10 March 2004

Killer snails kill pain?

This is a bit old

A sea-snail toxin could relieve chronic pain. Tests on rats hint the chemical could be 10,000 times more potent than morphine, non-addictive and not cause side-effects.

A team from the University of Melbourne led by Bruce Livett extracted the 'conotoxin' from a cone-shell snail. They will announce their patented discovery, called ACV1, this week at the Venoms to Drugs 2002 conference on Heron Island, Australia.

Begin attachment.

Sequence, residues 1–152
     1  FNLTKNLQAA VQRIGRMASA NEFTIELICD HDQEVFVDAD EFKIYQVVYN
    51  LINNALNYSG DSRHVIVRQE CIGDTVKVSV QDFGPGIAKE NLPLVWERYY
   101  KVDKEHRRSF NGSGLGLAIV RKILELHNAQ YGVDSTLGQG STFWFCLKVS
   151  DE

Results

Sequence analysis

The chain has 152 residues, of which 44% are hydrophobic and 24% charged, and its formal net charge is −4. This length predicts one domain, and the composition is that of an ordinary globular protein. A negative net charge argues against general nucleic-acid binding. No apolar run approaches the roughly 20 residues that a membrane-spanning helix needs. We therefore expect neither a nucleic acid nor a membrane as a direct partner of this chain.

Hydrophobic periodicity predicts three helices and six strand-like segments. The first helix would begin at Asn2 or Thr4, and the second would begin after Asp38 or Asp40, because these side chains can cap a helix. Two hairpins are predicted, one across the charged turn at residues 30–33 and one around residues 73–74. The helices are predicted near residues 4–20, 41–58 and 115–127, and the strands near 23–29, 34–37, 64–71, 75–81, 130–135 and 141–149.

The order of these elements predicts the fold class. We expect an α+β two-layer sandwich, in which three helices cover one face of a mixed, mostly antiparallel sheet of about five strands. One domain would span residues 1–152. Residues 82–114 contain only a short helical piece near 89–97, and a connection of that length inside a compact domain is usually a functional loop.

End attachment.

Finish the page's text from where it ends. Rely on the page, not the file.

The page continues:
"We are confident not only that ACV1 inhibits pain, but also that it accelerates the recovery of injured nerves - a unique property not previously documented for an analgesic," says one of the research team, Zeinab Khalil. Moreover, says Khalil, "the universal way in which the drug blocks pain should mean it is effective in treating all types of chronic pain".

'Venoms to Drugs' would be a good name for an album